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Labor Day

This three-day weekend marks the unofficial end of summer. It is a time to rush to the lake is a desperate bid for one last weekend of leisure by the beach. It is a time to race down the road in hopes of experiencing recreation before the chill of fall descends. Oh, yes, there's one other thing: It is a time "celebrate the working class," as one notable encyclopedia put it.

Back in the nineteenth century, 1882 to be exact, the Knights of Labor put on a big parade in New York City. They were honoring the working class. There's quite a debate over whether it was McGuire (cofounder of the American Federation of Labor) or Maguire (some machinist) who brought up the idea of a "labor day." Whoever started the ball rolling, the notion caught on quickly.

By 1884, the first Monday of September was the regular time for their march. The K. of L. resolved to have all future parades on what they now called "Labor Day."

Other groups engaged in the workers. struggle took up the idea and, in March of 1887 Colorado passed the first law establishing Labor Day. New York state, Massachusetts and New Jersey followed, and in 1894 the U.S. Congress made the day a legal national holiday.

Labor leaders and politicians made speeches, workers marched, and we had the beginning of today's Labor Day: but without the traffic jams.

The United States of America, Puerto Rico, the Canal Zone, and the Virgin Islands are involved in the USA Labor day. Canada has it's own national holiday, also dating from 1894, with roots going back to the 1870's.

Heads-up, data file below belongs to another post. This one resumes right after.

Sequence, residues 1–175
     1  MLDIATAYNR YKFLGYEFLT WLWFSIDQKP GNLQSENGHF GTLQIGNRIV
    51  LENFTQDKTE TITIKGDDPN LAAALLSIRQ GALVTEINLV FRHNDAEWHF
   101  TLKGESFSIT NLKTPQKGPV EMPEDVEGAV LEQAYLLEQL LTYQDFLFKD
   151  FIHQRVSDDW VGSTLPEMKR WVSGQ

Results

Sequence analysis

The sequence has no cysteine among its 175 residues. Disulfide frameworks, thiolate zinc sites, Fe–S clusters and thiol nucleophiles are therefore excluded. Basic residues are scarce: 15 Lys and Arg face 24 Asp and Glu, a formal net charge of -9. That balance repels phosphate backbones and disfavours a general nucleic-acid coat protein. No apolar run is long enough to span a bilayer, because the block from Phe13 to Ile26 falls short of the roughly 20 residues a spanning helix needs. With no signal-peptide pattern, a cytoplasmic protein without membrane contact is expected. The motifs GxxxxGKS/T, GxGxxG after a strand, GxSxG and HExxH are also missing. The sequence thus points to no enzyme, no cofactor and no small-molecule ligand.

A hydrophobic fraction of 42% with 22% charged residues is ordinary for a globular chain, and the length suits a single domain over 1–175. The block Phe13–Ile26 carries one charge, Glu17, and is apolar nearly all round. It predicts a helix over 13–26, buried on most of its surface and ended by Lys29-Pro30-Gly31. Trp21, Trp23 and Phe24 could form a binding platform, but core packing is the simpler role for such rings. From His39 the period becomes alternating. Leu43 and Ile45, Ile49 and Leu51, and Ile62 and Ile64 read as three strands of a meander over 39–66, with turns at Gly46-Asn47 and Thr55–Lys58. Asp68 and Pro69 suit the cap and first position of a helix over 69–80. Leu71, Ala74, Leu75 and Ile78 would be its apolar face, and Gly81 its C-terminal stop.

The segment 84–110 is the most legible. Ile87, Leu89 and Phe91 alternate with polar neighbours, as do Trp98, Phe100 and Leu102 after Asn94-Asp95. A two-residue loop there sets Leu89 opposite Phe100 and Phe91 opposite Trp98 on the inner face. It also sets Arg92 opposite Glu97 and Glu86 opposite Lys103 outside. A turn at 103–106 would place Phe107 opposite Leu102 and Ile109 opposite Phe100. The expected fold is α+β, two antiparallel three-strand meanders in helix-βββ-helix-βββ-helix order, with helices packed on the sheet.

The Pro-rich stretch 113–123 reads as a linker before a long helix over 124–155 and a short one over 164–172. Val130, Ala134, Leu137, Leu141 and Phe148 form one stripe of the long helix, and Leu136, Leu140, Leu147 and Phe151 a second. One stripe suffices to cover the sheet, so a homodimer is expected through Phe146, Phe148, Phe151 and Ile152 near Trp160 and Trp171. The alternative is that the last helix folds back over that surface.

That was eleven decades ago. Class struggles of the nineteenth and twentieth centuries changed things: I don't mind living with a "forty hour week," even if it isn't always exactly forty hours long.

I think that one of the greatest tributes to the success of the industrial age's workers. movements is that so little is made today of the struggle of the workers. That's because they won. Today (Labor Day weekend, 2002), most USA workers aren't striving for basic rights: they're at the lake, fishing.

(I got my historical facts from the 1998 edition of the Encarta Encyclopedia, and the U.S.A. Department of Labor (



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Text is copyright Brian H. Gill 2002


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This page last updated: December 19, 2010